Cultural revolution blamed for sexual assault in the Catholic Church

Former Pope Benedict XVI released a letter on April 10 expressing his belief that the “all-out sexual freedom” of the 1960s is to blame for the sexual abuse and pedophilia scandals within the Catholic Church.

The retired pope, who was the leader of the Catholic Church from 2005–2013, was the first to resign in nearly 600 years. His 5,500 word letter was originally published in the German periodical, Klerusblatt.

In recent years, the Catholic Church has come under public scrutiny after several sexual assault scandals. In 2018, former Cardinal for the Catholic Church in Australia George Pell was convicted of sexual assault against two young boys and is now serving six years in prison. In February, Pope Francis acknowledged the sexual assault of nuns for the first time in history. According to The New York Times, Benedict’s letter blames the cultural revolution of the 1960s for the rise in these alleged assaults.

During the 1960s, changes in dress and music became less conservative, while attitudes toward sex and drugs became more open. The former pope said he believes these cultural shifts led to an era where “previously normative standards regarding sexuality collapsed entirely,” Benedict’s letter via Catholic News Agency said.

“The Western society is a society in which God is absent in the public sphere and has nothing left to offer it,” Benedict’s letter said. “And that is why it is society in which the measure of humanity is increasingly lost at individual points it becomes suddenly apparent that what is evil and destroys man has become a matter of course.”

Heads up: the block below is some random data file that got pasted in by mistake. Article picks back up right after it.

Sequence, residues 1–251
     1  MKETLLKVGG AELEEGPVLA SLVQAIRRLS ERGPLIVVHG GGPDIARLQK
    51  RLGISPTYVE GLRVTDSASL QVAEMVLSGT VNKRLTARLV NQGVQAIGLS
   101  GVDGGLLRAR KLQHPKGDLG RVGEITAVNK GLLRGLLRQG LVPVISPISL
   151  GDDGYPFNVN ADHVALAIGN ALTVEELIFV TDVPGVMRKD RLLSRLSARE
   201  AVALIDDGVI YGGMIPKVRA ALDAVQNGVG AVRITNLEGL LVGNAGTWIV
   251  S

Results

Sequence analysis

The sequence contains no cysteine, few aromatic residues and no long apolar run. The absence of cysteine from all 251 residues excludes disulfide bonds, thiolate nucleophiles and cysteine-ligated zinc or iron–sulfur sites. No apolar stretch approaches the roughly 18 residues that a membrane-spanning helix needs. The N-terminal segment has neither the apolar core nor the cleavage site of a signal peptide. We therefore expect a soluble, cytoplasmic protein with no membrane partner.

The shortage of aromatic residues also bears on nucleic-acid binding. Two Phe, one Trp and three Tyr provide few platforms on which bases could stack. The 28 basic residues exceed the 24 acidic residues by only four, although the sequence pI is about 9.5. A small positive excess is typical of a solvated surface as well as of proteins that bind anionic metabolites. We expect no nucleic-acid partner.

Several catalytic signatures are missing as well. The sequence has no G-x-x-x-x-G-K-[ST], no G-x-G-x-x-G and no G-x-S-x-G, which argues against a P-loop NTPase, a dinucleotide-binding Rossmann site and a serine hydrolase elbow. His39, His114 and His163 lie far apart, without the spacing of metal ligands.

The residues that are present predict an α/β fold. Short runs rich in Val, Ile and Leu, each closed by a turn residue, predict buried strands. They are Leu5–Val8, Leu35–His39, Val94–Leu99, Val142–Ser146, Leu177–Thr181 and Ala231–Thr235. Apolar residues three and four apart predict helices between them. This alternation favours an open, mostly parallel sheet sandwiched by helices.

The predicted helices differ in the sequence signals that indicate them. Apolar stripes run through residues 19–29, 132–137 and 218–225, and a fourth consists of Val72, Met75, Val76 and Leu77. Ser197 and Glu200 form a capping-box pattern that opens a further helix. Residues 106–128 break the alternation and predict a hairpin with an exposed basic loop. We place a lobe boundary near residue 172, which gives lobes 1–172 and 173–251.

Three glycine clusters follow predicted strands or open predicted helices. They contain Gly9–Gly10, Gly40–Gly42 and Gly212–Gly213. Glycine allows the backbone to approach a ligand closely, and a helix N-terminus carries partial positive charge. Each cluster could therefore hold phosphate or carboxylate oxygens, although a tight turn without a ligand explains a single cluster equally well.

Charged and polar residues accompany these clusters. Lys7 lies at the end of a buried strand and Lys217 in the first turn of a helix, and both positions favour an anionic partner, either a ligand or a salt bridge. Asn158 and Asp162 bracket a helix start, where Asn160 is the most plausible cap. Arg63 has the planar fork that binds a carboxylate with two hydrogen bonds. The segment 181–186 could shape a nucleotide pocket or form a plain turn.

“The mental collapse [of the 1960s] was also linked to a propensity for violence,” Benedict said. “That is why sex films were no longer allowed on airplanes, because violence would break out among the small community of passengers.”

According to Benedict’s letter, the sexual revolution of the 1960s caused pedophilia to be “diagnosed as allowed and appropriate.”

“Why did pedophilia reach such proportions?” Benedict wrote. “Ultimately the reason is the absence of God.”

The pope also blamed homosexualality for being a root cause of predatory sexual behaviors. “In various seminaries, homosexual cliques were established, which acted more or less openly,” the letter stated.

According to The New York Times, there are only 10 publicly gay Catholic clergymen in the United States. It is estimated that 30–40% of the U.S. Catholic clergymen are gay, most of whom continue to remain closeted for fear of reprisals within the Catholic Church.

The cover up of sexual abuse within the church is an ongoing issue and many theologians were dismayed at the response by Pope Benedict XVI.

“Well, I think the main problem is that it doesn’t mention victims at all,” Natalia Immperatori-Lee, associate professor of religious studies at Manhattan College, told NPR. “If you look at Benedict’s letter, the victim in his letter is the church. And that’s a real slap in the face to people who have survived sexual abuse.”